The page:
Tesla has made a name for itself by producing an expensive, electric vehicle – something that the company is now trying to reverse, somewhat, by producing less expensive models in an effort to conquer the mass market. General Motors is taking a different approach by adopting a strategy of making its newest electric vehicle a Cadillac, its top-of-the-line brand.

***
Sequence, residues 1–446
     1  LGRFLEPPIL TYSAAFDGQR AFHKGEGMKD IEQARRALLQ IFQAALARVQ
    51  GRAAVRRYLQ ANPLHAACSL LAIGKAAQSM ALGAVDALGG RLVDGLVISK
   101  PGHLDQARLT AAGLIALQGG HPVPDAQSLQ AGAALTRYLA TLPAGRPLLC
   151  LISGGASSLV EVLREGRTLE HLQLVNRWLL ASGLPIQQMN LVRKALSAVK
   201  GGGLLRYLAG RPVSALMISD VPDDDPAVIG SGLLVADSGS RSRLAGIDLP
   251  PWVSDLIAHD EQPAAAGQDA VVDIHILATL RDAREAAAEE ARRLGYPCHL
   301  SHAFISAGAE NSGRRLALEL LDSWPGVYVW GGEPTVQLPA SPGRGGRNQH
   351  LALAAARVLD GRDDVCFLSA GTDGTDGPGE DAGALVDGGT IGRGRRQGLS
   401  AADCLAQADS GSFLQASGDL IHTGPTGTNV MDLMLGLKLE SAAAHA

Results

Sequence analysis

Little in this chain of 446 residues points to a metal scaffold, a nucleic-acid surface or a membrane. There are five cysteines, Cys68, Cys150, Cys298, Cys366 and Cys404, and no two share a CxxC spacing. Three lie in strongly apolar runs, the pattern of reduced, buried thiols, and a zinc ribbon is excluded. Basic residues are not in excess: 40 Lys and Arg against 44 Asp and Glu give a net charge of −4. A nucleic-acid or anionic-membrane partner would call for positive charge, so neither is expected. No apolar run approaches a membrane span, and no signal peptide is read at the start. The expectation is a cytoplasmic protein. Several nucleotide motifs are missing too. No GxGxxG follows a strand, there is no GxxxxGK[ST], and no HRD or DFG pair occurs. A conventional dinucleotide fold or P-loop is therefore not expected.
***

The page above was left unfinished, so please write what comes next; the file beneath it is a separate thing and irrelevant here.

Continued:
The company’s previous entries into the electric arena were with the Chevrolet Volt and Bolt – recently taken off the market. The new decision for electric vehicles (EVs) is based on sound reasoning. Since car batteries for electric cars are still too expensive to put into a budget car that offers the kind of power and driving range that American drivers demand, manufacturers must sell EVs at higher prices. That is easier with upscale brands like Tesla, BMW or Cadillac. These, along with Audi and Mercedes, have consistently been the auto industry’s leaders in technology pioneering and will continue to be so with the EVs for the U.S. market. Even Tesla’s latest scaled-down Model 3 is still $44,000 out the door, so prices for the newer versions of EVs will be considerably higher than their standard line cousins. In Europe, the situation will be different, as car makers strive to have large numbers of their cars be electric by 2025 – a goal of Volkswagen, for example. That goal will only be able to be achieved by reaching into the mass market, which will mean that VW will be sustaining only slim profit margins. Mary Barra and General Motors, on the other hand, are going for the stronger profit margins, with EVs produced in their best line and sold in lesser quantities to those who can afford them. In times of change, it’s the right strategies for the right time that make all the difference – so that ALL THOSE MOVING PARTS – leaders, employees, customers and suppliers – continue to move in concert.